I’d love to tell you a story about myself as the child prodigy who led a fund drive to acquire new life-saving equipment — that I helped invent — to support the local children’s hospital. But for me, the path to leadership has been less Hollywood and more humbling. Leadership, in my experience, is about earning the trust of the people you hope to lead. Trust begins with empathy. And I had to learn this a few times over in my career.
My first gig out of college was with a big hotel chain in Cincinnati, where I was quickly put in charge of Housekeeping. It really made no sense. It was the toughest department — with purchasing responsibility and hundreds of employees — and I had the least experience of anybody. Plus, the housekeeping staff was already disgruntled; there was a lot of tension and some talk of unionizing when I took over.
Two things you should understand about this situation: First, I was a twenty-something 150-pound kid from Indiana, trying to manage a group of much older, tougher inner-city women who could easily have wiped the floor with me. Second, it was my job to convince them that they should love their jobs — that they should be personally invested in cleaning some entitled guy’s room and creating a welcoming experience for our customers.
Lacking any real experience of my own, I had to lean into “me.” I was raised to be an empathetic person. So, I tried to put myself in their shoes. And when I walked around in those shoes, what I saw was dismal. The Housekeeping Department room where we had our meetings every day was dirty and ugly. There were no tables, no chairs... so people who were on their feet all day had to either stand or sit on the grubby floor. The housekeeping caddies they took from room to room were old and broken. The supply cupboards were a mess. These women were not being treated with respect. So how could I ask them to show respect for the hotel and the work they were doing for our guests?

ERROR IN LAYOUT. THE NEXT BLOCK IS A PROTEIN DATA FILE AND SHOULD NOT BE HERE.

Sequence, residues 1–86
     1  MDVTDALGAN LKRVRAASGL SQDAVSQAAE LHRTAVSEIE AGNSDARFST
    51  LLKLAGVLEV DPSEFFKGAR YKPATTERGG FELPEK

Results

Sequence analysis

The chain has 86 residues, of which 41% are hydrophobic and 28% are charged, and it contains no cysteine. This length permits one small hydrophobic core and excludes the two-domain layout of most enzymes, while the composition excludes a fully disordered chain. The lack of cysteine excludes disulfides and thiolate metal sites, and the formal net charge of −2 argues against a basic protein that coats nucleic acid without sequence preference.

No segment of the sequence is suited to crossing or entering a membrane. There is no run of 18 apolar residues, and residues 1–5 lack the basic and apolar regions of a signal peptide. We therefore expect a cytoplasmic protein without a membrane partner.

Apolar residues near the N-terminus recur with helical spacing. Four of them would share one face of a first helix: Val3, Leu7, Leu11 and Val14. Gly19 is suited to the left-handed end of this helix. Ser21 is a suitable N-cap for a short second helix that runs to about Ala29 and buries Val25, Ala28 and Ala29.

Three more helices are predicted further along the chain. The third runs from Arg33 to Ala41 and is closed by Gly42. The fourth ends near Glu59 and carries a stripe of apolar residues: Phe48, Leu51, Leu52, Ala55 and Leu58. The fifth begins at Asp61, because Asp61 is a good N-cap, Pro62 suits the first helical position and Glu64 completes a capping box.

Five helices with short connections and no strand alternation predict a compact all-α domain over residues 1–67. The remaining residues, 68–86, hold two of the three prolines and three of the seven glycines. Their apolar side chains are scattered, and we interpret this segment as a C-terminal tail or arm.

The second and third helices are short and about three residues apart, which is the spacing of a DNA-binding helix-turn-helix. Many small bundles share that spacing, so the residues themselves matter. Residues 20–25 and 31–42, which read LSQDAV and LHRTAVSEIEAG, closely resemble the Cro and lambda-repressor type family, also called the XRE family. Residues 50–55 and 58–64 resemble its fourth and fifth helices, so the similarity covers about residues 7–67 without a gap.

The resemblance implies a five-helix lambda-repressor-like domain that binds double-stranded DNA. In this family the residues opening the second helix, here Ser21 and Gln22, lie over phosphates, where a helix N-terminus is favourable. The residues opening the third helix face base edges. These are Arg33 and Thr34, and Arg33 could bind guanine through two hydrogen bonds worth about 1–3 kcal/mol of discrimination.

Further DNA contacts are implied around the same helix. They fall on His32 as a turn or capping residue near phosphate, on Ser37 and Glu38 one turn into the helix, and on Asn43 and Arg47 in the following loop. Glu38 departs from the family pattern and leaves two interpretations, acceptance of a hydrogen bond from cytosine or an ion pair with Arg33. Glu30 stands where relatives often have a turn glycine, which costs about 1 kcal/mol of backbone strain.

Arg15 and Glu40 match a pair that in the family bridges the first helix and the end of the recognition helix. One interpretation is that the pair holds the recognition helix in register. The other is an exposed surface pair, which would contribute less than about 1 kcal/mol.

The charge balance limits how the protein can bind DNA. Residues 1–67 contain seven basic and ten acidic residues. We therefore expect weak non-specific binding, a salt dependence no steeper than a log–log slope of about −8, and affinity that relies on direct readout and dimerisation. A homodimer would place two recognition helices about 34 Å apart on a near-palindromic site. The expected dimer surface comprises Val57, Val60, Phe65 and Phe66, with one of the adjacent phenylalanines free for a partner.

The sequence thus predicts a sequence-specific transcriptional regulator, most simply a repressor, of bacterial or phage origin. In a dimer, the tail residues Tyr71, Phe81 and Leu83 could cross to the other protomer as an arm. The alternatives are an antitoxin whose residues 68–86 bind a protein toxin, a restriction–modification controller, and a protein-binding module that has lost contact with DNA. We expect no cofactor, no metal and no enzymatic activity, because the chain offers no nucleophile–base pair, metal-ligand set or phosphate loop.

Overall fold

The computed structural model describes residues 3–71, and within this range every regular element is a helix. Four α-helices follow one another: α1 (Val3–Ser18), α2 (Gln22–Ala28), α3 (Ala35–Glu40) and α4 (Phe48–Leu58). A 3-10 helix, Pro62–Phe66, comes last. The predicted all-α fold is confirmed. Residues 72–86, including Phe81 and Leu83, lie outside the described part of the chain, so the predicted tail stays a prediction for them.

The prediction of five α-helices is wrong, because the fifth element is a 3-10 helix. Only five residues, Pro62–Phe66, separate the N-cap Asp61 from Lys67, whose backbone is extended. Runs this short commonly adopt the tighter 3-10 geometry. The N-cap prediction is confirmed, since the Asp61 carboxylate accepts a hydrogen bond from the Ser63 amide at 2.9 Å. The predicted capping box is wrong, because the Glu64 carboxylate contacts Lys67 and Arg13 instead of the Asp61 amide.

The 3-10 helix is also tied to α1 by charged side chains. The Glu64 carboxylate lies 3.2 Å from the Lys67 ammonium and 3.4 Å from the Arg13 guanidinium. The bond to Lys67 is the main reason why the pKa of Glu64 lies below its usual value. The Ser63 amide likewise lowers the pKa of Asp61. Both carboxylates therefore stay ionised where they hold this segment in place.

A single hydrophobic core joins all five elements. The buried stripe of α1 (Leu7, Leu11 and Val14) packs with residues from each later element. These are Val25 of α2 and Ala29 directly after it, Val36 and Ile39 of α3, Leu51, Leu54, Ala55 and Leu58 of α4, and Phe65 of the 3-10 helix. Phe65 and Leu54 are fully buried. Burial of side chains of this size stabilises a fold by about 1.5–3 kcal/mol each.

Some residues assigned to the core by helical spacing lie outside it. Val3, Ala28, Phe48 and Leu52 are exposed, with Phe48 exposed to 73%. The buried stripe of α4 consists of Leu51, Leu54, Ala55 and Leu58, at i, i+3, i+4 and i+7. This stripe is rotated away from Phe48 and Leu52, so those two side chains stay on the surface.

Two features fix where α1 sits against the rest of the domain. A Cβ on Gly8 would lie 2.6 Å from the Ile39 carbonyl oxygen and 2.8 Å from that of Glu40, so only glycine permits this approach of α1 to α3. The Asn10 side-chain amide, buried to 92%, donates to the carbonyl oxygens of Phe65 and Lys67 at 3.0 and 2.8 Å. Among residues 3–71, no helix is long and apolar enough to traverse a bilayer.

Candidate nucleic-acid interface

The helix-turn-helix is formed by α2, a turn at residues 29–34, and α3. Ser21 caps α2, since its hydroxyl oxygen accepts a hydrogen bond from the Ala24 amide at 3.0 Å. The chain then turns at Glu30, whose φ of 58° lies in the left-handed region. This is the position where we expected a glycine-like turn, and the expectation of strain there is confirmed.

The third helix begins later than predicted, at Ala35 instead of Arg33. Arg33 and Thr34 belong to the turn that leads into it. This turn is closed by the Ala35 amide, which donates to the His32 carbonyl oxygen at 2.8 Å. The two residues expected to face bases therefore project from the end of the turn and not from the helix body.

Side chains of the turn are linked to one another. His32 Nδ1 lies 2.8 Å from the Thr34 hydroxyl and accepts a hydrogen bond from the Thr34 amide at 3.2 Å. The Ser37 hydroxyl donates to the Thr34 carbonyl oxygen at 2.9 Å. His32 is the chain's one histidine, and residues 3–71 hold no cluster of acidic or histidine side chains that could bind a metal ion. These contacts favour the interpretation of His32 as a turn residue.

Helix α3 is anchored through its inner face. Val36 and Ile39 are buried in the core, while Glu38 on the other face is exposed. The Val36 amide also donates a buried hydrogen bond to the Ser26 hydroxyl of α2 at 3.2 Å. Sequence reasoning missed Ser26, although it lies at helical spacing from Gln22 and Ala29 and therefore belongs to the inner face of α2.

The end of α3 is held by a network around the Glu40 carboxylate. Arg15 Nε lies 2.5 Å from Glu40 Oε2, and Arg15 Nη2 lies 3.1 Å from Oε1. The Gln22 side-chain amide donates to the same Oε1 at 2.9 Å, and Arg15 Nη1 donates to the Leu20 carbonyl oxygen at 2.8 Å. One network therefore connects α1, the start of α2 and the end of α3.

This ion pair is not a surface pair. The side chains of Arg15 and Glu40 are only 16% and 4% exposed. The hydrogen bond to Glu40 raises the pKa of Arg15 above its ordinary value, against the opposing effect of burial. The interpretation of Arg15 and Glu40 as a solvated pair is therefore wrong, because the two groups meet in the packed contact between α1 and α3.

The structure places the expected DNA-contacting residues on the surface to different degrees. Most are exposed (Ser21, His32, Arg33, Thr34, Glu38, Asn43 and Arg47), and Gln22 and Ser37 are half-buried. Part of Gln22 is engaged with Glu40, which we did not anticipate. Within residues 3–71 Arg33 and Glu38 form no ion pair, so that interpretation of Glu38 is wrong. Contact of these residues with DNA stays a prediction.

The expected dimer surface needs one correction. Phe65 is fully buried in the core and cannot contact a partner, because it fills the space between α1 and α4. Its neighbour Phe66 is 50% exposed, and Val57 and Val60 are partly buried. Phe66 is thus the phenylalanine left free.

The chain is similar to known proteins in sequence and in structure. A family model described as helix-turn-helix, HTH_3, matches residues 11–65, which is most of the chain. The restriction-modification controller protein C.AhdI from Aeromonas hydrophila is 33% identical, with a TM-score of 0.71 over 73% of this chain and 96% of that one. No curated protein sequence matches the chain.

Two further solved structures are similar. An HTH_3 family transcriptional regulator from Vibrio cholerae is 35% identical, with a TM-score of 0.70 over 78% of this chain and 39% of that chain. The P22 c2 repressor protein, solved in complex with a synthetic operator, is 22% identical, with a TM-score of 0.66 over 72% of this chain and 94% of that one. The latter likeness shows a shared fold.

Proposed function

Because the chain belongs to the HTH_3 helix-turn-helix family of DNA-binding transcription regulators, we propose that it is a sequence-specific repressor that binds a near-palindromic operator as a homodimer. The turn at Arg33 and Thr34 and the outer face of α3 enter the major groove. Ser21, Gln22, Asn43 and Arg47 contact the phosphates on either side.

One weekend when we knew things would be slow, I called in my managerial staff and we personally fixed or replaced the caddies, cleaned the break room, organized the supplies, and brought in furniture and plants. I personally ran that giant floor polisher — actually, I think it ran me.
And when the Housekeeping staff came for our next meeting, they saw what we’d done for them and they felt the respect. They saw that they mattered. And many of those women remained my friends long after I left the hotel. And by the way, they voted not to unionize.
That was an important lesson. I didn’t do anything profound. I didn’t spend a lot of money. I treated people the way I wanted to be treated. Ultimately, I guess they empathized with me, too. And those women made me successful and jump-started my career. Lesson learned.